One of the most challenging things about large scale wiring in an existing property, especially large rewire projects is running new cables.
Methods to get around this age old issue often involve chasing out walls which is a messy and time consuming job or running cables in trunking over a walls surface which on the whole completely ruins a finish.
The ideal solution to this problem is often to pull new cables in under floors and down through stud walls so in this guide we are going to look at how to fish wires under floors and down walls.
Methods for Running Cables Under Floors and Through Walls
If you need to run a new electrical cable from one side of a room to another there are essentially two ways to do this; either to fish it through using electricians fish tape or fishing rods or through a crawl space.
In terms of electrical fishing tape or rods this particular product is essentially a long thin (around 7 or 8mm diameter) fibreglass pole that is wound around a circular cable reel.
A small access hole is drilled or cut in the location that you want your new cable run to end and the same is done at the other end where your cable will be fed from. The fish tape is then pushed through the first hole and through the void in the ceiling or under the floor over to the second hole. The new cable is then attached and pulled through.
The second method is generally reserved for ground floors and also lofts. In some properties that feature a floating timber floor there is often a gap between the underside of the floor and ground level of sometimes a couple of feet.
In these instances it’s possible to cut a small hole in the floor and crawl through this space to run your cables. When using this method you also have to remember to clip your new cables up to the floor joists and not allow them to simply lay on the ground.
How to Inspect Floors and Walls
Before we go into the different ways of inspecting floor and wall voids it’s a good idea to look at why we might want to do so.
Before simply trying to cut and access hole in a floor or fish a cable through a wall you need to know what potential obstructions your are likely to run into that will hinder your work.
In terms of inspecting there are a few different way to check what’s behind walls and under floors, the first being to cut a hole in the given surface either big enough to get your head in so you can have a look or to cut a smaller hole and use a small inspection mirror and torch to see what’s going on in there.
Once you have completed your inspection you will then need to make repairs to the holes that have been created.
The second and arguably best method is to use a modern inspection camera (endoscope or borescope as they are also known) that can be inserted through a tiny 10 or 12mm hole that has its own torch and in pretty much all cases good quality high definition camera or with new models a 4K camera and fully inspect the void in question in great detail.
Although the top quality cameras of this type are quite expensive and for just one inspection job, not worth the overall outlay (unless you intend to use it for other projects also) it is possible to still get cheaper versions that still provide a great quality image for as little as around £30.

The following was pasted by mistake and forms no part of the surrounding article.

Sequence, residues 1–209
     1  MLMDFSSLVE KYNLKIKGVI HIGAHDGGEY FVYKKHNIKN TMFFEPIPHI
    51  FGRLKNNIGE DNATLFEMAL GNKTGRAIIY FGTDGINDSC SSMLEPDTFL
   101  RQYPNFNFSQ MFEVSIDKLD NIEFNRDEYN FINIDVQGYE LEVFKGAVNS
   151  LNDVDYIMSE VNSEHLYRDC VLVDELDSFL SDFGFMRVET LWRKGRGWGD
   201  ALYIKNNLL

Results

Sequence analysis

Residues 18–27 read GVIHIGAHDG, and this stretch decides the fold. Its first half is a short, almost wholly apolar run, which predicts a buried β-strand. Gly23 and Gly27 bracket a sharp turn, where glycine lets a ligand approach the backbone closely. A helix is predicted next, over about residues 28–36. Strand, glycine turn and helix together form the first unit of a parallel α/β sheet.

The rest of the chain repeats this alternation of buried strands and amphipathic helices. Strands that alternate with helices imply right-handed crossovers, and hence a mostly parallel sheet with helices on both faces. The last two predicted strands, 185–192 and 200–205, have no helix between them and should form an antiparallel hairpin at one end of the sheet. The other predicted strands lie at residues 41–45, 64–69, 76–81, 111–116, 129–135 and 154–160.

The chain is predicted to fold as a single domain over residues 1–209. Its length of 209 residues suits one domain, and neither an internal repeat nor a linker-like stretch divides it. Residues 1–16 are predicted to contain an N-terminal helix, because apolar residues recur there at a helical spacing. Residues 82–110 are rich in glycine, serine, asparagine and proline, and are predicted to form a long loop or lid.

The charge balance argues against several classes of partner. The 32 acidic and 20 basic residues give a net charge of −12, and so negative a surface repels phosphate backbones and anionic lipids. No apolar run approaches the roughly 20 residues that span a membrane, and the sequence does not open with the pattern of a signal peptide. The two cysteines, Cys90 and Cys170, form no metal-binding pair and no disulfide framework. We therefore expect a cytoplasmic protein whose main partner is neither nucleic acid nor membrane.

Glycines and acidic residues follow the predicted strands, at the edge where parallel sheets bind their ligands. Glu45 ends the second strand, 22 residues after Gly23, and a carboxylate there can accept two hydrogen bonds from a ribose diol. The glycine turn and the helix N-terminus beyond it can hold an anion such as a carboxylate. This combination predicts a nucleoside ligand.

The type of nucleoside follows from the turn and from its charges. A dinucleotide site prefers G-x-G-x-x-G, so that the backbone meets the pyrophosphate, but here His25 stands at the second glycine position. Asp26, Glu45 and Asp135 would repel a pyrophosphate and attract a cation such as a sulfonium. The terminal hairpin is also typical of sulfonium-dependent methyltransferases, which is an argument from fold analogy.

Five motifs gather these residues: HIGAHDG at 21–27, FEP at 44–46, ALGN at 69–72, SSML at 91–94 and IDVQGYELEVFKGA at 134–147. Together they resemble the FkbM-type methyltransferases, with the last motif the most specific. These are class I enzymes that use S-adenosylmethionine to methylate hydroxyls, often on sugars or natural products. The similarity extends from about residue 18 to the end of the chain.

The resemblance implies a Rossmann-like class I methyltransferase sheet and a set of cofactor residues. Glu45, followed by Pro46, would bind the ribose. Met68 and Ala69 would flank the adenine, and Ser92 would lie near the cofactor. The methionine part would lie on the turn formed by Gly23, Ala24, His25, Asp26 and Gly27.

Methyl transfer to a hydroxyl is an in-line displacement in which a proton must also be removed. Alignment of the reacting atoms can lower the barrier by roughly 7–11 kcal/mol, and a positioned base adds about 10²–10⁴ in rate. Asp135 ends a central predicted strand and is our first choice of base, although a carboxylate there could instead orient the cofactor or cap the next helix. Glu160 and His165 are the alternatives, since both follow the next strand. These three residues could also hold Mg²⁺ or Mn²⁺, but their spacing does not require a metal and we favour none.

However if you want the best image possible you can certainly hire a top quality version from your local hire store for a reasonable daily fee.
Requirements for Laying Cables Under Floors and Through Walls
There is only really one requirement when it comes to pulling or fishing cables under floors or down through walls and that is that the floor joists or studwork must run in the same direction as you are running the cables.
For example If you need to run a new 2.5mm twin and earth from one side of your house to the other across its width but after some inspection you find that the floor joists are running length ways then you are not going to be able to physically push the cable through the joist, that’s impossible.
If however after some inspection you can see that the floor joists are running in the same direction that your cable is running then you can easily run your cable down the gap between two joists.
This is also the case when running a cable down through a stud wall, it’s worth checking first to ensure
What to do About Noggins?
One of the main obstacles you are likely to face when trying to run cables, pipes etc. through walls and under floors or ceilings is the humble noggin.
What is a noggin you may ask? Well a noggin is a small length of timber that runs between 2 parallel floor or ceiling joists or 2 upright stud timbers that helps to tie a floor, ceiling or wall structure together.
Not only do they help tie a structure together and provide additional strength they also provide an additional fixing area for ply board, plasterboard or what ever covering the framework is finished with.
There are several techniques for getting around noggins, one is to use a flexible extension and a flat dill bit and the other is to cut a section of floor/ceiling out around the noggin, create a notch and pass your fishing tape through the notch.
When using a flexible extension, pop the flat bit in the end of the flexible extension and then maneuver it down into the given void and position it in the location you want to make your hole and then attach the other end to a drill and drill a hole through the noggin.
This technique isn’t ideal to be honest and can result in a fair bit of damage if the flat bit jumps and skips about inside the wall and is almost impossible to do when working horizontally in a floor or ceiling so it’s best to go with the cut out option.
What About Insulation?
If you find that insulation is present in the wall, ceiling or floor you intend to pull your cable through this may indeed scupper your plans of doing so.
If you are working with a ceiling and Rockwool insulation is present there are certain rules that need to be adhered to when it comes to covering cables in insulation.
If however you are working in a wall or ceiling with solid insulation then it’s almost impossible to actually push a cable or fishing tape through a piece of solid insulation so this is essentially a no go!
Should I go Through the Floor or Ceiling?